Balancing on the Sharp Edges of Crescent Moons

By Keith Hoerner

I have a bipolar friend who—now in our late 50s—texts me: “Who am I?”
How do I respond; do I respond?

I tell her she is a dear old friend, a beautiful, talented, and intelligent woman. When in fact, I feel like she is *past tense.* I AM her friend. WAS her friend. She is all but lost to me now. Even herself.

This is the nature of disease. The disease straddles our world and the next, leaving her to blindly balance on the sharp edges of crescent moons—offering no rounded or soft places to fall.

Keith Hoerner lives, teaches, and pushes words around in Southern Illinois. His memoir, The Day The Sky Broke Open, (Adelaide Books, New York/Lisbon) is out now.

Stormy Night

By Dianne Moritz

Drunk on cheap red Gallo,

they quarreled half the night,

accusations flying like angry

wasps stinging old wounds.

Outside, snow sprinkled down,

dusting the world clean and white.

She ran out, threw herself down

in the light powder to carve snow-angels.

Soft snowflakes melted all resentment

and rage lingering there on her tongue.

“I write to capture indelible moments in time.” – the writer


By Elaine L. Monasterial

If I were a leaf
I would pluck myself from my
twig and be blown away.
I would flirt with the wind
And fall calmly to the ground

I’d rather be lost
Be tossed to the skies and land
On a wood nymph’s lap
Or whirl to nowhere. Fly with
Odd leaves and crumble to dust

I’d rather be torn
To be chewed by wilderness.
Than sit in this tree
And live each day in silence
Watching other sad leaves fall

Elaine lives and writes in a small town in Laguna, Philippines.

The End of Us

By Keith Hoerner

In a vacuumed slice of silence, under the stillness of night’s gossamer veil, I rouse her. She takes my hand, as I guide her to the base of our garden’s Weeping Willow. To cry, perhaps …

Early morning darkness gives way to the ether of a reddening sky. I embrace her; there are—no more words. We cannot communicate the desire to root our union any further. We struggle to breathe; the air is caustic, thin. The moon careens across a cracking sky. We kneel to the universe, faces in each other’s palms, eyes on each other’s desperate gazes … unspoken goodbyes.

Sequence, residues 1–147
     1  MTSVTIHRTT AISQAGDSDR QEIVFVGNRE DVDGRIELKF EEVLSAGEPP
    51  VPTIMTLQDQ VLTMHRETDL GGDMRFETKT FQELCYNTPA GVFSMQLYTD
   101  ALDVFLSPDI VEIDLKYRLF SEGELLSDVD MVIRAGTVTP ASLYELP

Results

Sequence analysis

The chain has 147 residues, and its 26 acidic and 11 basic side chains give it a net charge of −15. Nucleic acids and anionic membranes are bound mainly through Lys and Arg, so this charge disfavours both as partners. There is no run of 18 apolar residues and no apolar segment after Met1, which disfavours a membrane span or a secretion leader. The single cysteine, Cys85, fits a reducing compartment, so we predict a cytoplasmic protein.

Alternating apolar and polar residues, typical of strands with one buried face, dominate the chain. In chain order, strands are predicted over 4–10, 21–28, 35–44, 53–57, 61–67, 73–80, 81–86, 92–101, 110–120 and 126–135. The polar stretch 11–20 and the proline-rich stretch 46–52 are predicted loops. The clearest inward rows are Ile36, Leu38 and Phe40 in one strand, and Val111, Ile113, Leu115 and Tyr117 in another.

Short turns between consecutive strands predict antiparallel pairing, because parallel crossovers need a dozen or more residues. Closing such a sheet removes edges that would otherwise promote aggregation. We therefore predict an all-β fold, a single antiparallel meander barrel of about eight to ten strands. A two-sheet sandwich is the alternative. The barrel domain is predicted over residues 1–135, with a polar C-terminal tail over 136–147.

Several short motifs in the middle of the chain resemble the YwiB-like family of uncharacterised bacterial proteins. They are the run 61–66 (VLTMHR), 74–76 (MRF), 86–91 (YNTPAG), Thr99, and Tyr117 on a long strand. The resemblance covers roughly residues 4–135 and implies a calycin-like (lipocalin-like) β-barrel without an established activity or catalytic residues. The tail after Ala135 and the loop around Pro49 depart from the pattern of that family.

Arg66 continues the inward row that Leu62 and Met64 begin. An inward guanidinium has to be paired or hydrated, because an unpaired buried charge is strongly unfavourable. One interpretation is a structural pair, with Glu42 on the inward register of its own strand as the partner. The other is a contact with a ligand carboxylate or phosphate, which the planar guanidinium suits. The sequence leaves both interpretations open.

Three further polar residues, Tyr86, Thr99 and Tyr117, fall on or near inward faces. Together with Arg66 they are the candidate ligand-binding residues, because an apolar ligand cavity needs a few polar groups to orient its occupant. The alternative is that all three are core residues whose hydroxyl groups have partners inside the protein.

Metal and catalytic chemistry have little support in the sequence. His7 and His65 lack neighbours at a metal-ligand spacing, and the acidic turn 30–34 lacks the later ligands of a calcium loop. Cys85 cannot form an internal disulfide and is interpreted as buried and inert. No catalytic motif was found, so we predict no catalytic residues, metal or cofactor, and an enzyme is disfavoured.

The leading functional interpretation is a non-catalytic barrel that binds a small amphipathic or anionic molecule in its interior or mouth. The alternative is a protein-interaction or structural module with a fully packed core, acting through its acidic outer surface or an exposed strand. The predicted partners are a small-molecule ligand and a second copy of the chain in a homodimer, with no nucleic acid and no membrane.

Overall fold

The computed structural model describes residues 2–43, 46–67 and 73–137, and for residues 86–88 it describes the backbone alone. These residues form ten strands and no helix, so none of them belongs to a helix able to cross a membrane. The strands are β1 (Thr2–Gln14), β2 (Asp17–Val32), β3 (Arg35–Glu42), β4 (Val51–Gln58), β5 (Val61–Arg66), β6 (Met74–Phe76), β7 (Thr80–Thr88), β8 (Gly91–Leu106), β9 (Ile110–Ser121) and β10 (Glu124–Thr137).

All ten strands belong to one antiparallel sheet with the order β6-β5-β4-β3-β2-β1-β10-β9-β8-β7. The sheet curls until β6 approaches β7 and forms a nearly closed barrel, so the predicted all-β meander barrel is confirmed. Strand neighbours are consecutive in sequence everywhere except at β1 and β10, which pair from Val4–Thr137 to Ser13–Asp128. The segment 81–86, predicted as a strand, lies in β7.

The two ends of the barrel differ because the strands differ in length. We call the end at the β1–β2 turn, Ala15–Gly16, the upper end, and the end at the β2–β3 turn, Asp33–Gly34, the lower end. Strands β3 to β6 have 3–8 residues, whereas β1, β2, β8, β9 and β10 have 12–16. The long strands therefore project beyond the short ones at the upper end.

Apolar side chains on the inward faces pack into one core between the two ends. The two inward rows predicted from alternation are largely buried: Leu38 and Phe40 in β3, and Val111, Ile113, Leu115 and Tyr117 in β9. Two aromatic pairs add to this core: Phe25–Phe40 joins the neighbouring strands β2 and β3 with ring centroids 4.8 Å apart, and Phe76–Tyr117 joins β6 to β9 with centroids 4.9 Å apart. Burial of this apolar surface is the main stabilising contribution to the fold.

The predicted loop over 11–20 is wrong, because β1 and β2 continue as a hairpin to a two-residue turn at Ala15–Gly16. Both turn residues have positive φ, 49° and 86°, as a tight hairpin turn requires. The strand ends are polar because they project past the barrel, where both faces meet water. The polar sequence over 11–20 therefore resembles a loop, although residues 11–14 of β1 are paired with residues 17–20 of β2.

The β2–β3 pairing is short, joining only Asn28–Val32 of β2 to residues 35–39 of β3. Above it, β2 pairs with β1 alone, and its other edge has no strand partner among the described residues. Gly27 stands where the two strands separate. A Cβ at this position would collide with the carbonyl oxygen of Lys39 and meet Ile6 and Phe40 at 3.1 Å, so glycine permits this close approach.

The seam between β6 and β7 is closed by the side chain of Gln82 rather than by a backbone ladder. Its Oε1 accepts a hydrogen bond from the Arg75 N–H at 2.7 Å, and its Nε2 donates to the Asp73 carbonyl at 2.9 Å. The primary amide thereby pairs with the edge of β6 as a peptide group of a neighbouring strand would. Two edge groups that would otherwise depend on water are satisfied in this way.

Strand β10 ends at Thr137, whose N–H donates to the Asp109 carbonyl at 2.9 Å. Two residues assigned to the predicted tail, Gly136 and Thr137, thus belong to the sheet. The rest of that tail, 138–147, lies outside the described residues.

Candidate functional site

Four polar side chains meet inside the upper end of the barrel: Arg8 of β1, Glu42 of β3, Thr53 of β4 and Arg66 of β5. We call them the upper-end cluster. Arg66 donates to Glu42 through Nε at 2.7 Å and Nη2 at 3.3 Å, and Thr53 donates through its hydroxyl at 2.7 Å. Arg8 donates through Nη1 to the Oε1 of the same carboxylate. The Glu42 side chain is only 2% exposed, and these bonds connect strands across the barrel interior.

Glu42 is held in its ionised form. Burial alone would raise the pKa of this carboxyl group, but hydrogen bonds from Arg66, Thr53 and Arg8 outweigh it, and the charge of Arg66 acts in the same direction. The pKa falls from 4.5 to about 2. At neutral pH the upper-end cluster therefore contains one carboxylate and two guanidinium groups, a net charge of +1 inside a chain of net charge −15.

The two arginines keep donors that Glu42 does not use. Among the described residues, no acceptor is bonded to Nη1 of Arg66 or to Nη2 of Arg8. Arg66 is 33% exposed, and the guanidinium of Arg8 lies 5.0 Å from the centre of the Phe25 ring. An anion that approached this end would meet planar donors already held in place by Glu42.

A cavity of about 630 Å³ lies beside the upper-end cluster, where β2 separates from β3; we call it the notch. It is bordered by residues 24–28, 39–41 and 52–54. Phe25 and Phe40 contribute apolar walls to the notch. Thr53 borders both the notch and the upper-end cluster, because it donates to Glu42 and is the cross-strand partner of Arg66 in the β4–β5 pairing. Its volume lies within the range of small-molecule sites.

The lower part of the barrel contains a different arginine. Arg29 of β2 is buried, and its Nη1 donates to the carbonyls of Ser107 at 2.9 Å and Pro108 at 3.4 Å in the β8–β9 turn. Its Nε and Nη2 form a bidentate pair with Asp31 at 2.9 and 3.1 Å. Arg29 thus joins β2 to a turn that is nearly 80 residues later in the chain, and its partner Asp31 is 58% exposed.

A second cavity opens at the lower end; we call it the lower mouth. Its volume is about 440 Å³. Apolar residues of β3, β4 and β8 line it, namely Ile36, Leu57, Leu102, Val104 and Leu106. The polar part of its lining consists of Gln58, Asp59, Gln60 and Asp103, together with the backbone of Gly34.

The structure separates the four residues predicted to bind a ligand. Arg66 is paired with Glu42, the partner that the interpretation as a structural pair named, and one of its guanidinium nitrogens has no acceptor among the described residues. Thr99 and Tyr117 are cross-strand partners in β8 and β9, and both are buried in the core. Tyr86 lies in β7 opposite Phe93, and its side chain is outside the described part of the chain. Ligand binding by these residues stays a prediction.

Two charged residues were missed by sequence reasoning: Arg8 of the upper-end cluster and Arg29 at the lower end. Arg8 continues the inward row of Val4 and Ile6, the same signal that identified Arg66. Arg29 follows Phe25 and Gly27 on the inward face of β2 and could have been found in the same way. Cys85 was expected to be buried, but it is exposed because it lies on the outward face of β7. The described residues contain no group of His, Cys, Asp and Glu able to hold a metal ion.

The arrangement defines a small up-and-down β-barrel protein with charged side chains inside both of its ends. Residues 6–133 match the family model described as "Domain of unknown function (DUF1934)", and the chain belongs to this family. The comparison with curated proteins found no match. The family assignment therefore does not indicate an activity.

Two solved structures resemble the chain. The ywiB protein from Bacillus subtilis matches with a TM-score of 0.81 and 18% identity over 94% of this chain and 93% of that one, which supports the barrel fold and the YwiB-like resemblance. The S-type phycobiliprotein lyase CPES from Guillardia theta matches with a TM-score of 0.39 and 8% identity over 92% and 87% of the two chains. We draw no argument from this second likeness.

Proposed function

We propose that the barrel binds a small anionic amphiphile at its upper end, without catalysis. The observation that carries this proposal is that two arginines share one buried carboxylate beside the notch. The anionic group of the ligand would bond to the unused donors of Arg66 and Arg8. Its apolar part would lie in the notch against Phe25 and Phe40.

Keith Hoerner lives, teaches, and pushes words around in Southern Illinois. His memoir, The Day The Sky Broke Open, (Adelaide Books, New York/Lisbon) is out now.


By Seth Lewis

Sometimes you just need to go

Outside of the buildings
Outside of the lights
The screens and computers
And digital fights

Sometimes you just need to go

Outside of the climate-controlled
The comfortably certain
Behind the curtain

Sometimes you just need to go

Outside where the weeds
Whisper in wind
A speech that is higher
Outside of your power

Sometimes you just need to go

Where the climate is uncontrolled
Where the life grows uncontrollable

Sometimes you just need to go


“Writing is how I think.” – the writer

Portrait of Two Women on the Same Canvas

By salgal80

Last year, I wandered into a gallery upstate while visiting Grandmother. A blonde woman smiled, handed me chardonnay. Colorful abstracts covered the walls. It was her opening.

I recognized the name. To her, I was anyone.

Stepping outside for air, a black mutt greeted me. I scratched him behind the ears.

“I see you’ve met Scotty.”

“Charming dog.”

She asked what I thought of the show. I lied.

“Friend me on Facebook,” she quipped.

Ironically, her husband had unfriended me.

Recently I posted a poem about a doomed affair. She hearted it and commented, “Bastard!”

I replied, thumbs up.

Sally Simon writes to avoid shoveling snow, while simultaneously slaying old demons with words. It’s a win-win.

Freedom To Verse


I am free!
My verse is free!
I verse —
I versify —
my joys,
and my angsts.
I versify my visions and dreams,
I versify my beliefs …
and disbelief
my faith and the lack of it.
I conjure up my shallowness and depth
from the hat I call my verses.
I turn to verse when … and … if I want.
I am free to verse away from meter …
to verse away from rhyme.
For to verse is a freedom!
Shouldn’t be chained …
nor boxed.
Shouldn’t be buried in the grave of standards.

I am an expat from the Philippines teaching English here in South Korea. Writing is one of my hobbies. It’s my shield against homesickness. It keeps me alive, sane, and productive.

Bad Brunch

By Jon Fain

When I said, can I see you again, I have tight windows, she said. I’m just saying I’d love to see you again, I said. I don’t believe in love, she said, and I said, that’s OK I was thinking more like coffee. But you can put anything in it you like, I said, and she said, I’m not that crazy about coffee either let alone anything that goes with it. I guess that’s it then, I said, I guess you’ve said it. She said some last something I didn’t catch, because by then I was immune to her charms.

Jon Fain writes mostly out of habit at this point, not as much to impress girls.

If Only

By Ron. Lavalette

Oh, if only it were fifteen degrees warmer, we’d be inching above zero and I’d consider going out for a Saturday morning drive just to absorb a little almost-sub-zero sunshine, maybe buy My Beloved an apple fritter and try not to eat it on the ride home, listening to “Wait Wait Don’t Tell Me” on NPR and waving at the vacant table where I’d usually be spending my coffee-and-journal morning at Montgomery’s Café with a double slice of Mediterranean quiche, a fresh-from-the-oven Blondie, and an oversized mug of French Roast, black, with a double shot of Kahlua for good measure.

Ron. Lavalette writes to overcome his stir-craziness up on the Canadian border in Vermont’s Northeast Kingdom. His debut chapbook, Fallen Away (Finishing Line Press), is now available at all standard outlets.